“Throughout history, artists have always used art to tell their stories and to resist the status quo. I thought I could use my photography to share the real side of the Muslim community,” declares artist and activist Carlos Khalil Guzman who says he is fighting Islamophobia through the lens of his camera. Guzman is in the middle of a photo series called Muslims of America which depicts Muslims from all 50 states — from New York to Hawaii.
Once finished, the series will comprise 114 portraits, each representing the 114 suras (or chapters) in the Quran. Alongside each portrait is the subject’s favorite verse from the Quran or hadith (a collection of the sayings of the Prophet Muhammad) along with a personal statement.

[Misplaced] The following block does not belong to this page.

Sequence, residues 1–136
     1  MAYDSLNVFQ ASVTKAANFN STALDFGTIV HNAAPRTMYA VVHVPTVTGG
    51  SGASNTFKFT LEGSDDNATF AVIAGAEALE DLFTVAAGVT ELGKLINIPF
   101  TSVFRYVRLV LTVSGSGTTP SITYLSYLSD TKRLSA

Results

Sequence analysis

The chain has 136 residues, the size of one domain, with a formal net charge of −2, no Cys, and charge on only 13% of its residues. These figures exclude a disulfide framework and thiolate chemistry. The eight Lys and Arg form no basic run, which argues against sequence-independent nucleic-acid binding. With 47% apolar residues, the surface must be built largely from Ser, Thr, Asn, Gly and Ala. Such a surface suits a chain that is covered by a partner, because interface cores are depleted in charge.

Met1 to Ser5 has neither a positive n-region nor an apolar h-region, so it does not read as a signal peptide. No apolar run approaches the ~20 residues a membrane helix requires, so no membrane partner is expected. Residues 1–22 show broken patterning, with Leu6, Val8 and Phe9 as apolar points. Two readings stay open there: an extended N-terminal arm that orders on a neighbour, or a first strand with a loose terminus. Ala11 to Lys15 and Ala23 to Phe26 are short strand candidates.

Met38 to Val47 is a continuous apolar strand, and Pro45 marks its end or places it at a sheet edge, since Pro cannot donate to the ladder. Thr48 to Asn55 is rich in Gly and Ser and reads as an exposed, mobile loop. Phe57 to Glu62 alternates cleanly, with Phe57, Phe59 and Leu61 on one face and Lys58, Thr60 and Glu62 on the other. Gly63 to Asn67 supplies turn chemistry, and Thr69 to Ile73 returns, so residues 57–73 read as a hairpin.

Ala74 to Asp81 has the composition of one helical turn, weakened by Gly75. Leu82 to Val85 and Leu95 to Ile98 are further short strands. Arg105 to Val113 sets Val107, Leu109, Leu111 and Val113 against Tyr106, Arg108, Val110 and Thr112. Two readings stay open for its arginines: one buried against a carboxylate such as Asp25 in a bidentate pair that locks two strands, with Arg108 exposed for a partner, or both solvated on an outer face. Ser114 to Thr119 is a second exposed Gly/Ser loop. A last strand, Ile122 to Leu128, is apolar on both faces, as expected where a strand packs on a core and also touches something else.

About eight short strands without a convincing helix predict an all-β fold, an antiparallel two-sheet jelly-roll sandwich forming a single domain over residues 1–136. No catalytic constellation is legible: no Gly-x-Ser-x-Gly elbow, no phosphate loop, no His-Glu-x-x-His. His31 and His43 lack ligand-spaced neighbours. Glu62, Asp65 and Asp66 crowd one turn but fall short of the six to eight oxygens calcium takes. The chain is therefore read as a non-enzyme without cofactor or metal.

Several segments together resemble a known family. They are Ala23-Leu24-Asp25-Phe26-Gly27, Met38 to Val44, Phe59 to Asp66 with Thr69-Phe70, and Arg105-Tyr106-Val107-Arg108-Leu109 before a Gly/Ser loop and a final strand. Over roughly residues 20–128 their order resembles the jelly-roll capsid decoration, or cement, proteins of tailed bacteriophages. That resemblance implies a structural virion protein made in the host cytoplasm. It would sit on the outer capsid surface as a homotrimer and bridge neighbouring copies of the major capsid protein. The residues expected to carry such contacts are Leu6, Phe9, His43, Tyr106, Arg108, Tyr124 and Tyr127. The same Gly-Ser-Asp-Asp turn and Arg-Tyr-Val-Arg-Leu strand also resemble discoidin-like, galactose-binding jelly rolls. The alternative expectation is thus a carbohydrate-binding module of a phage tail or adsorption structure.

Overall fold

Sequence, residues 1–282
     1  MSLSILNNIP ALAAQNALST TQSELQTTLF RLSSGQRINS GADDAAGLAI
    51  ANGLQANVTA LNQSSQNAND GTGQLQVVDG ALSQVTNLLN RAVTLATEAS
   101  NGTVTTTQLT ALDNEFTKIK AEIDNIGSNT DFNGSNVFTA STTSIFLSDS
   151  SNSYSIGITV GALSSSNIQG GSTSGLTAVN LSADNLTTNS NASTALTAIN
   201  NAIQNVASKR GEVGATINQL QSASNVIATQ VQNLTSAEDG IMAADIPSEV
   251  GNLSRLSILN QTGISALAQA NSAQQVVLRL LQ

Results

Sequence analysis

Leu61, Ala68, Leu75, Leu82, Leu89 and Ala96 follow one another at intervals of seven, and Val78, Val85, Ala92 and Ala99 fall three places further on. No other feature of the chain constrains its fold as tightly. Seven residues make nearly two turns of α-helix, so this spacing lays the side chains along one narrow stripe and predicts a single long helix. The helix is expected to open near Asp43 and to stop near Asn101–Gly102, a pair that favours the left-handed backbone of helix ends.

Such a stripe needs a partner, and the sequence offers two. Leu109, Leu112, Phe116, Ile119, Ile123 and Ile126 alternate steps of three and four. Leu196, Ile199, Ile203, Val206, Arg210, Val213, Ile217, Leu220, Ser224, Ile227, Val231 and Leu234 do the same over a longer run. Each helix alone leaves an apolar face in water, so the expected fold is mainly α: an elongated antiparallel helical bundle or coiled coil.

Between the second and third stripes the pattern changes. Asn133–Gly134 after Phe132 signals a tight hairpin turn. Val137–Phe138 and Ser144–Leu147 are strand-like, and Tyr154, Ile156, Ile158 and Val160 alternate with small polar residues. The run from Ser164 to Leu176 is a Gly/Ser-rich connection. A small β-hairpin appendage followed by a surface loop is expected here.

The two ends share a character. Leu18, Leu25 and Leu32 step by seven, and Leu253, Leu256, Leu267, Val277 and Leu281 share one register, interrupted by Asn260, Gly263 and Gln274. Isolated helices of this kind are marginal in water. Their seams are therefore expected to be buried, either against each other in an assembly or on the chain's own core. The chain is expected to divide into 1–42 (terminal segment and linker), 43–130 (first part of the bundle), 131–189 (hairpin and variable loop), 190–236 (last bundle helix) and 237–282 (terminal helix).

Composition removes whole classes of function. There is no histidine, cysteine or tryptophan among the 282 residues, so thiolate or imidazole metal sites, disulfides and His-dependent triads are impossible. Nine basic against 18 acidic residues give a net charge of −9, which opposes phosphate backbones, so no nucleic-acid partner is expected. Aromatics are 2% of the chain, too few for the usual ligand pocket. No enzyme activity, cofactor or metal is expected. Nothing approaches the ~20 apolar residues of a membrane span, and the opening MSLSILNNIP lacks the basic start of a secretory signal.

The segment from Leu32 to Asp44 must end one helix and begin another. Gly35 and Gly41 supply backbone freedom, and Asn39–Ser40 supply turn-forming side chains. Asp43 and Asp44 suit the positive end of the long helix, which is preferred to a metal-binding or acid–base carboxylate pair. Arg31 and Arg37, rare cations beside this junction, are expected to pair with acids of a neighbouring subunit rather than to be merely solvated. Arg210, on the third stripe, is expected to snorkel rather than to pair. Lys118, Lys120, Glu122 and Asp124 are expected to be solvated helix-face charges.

Subjects for the series include a Native American Muslim organizing against the Dakota Access Pipeline, a spoken word artist from Alaska, Syrian refugees, and a teenage hijabi boxer.
“People might not think that there are Muslims in Arkansas or Kansas,” says the photographer. “So I wanted to find Muslims in all 50 states to show that we exist and are pretty much everywhere. We’re part of the fabric of the country.”
Guzman says he hopes the end result will be a traveling exhibit.